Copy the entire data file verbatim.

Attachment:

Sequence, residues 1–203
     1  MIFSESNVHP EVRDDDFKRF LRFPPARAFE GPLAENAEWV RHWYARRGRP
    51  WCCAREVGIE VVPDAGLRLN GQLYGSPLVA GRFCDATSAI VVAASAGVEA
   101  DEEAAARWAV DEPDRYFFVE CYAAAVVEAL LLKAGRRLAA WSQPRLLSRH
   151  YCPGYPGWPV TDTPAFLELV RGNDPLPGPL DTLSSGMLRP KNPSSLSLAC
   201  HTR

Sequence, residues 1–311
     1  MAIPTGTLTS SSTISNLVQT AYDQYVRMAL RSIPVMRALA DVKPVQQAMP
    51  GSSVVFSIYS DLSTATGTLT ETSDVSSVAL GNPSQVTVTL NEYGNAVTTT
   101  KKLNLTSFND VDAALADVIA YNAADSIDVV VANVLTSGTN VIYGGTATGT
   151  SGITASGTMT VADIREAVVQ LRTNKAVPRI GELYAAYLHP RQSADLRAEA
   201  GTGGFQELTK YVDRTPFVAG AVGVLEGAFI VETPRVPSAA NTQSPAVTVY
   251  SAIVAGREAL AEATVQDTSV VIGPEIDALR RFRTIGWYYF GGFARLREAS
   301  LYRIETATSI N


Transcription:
Sequence, residues 1–203
     1  MIFSESNVHP EVRDDDFKRF LRFPPARAFE GPLAENAEWV RHWYARRGRP
    51  WCCAREVGIE VVPDAGLRLN GQLYGSPLVA GRFCDATSAI VVAASAGVEA
   101  DEEAAARWAV DEPDRYFFVE CYAAAVVEAL LLKAGRRLAA WSQPRLLSRH
   151  YCPGYPGWPV TDTPAFLELV RGNDPLPGPL DTLSSGMLRP KNPSSLSLAC
   201  HTR

Sequence, residues 1–311
     1  MAIPTGTLTS SSTISNLVQT AYDQYVRMAL RSIPVMRALA DVKPVQQAMP
    51  GSSVVFSIYS DLSTATGTLT ETSDVSSVAL GNPSQVTVTL NEYGNAVTTT
   101  KKLNLTSFND VDAALADVIA YNAADSIDVV VANVLTSGTN VIYGGTATGT
   151  SGITASGTMT VADIREAVVQ LRTNKAVPRI GELYAAYLHP RQSADLRAEA
   201  GTGGFQELTK YVDRTPFVAG AVGVLEGAFI VETPRVPSAA NTQSPAVTVY
   251  SAIVAGREAL AEATVQDTSV VIGPEIDALR RFRTIGWYYF GGFARLREAS
   301  LYRIETATSI N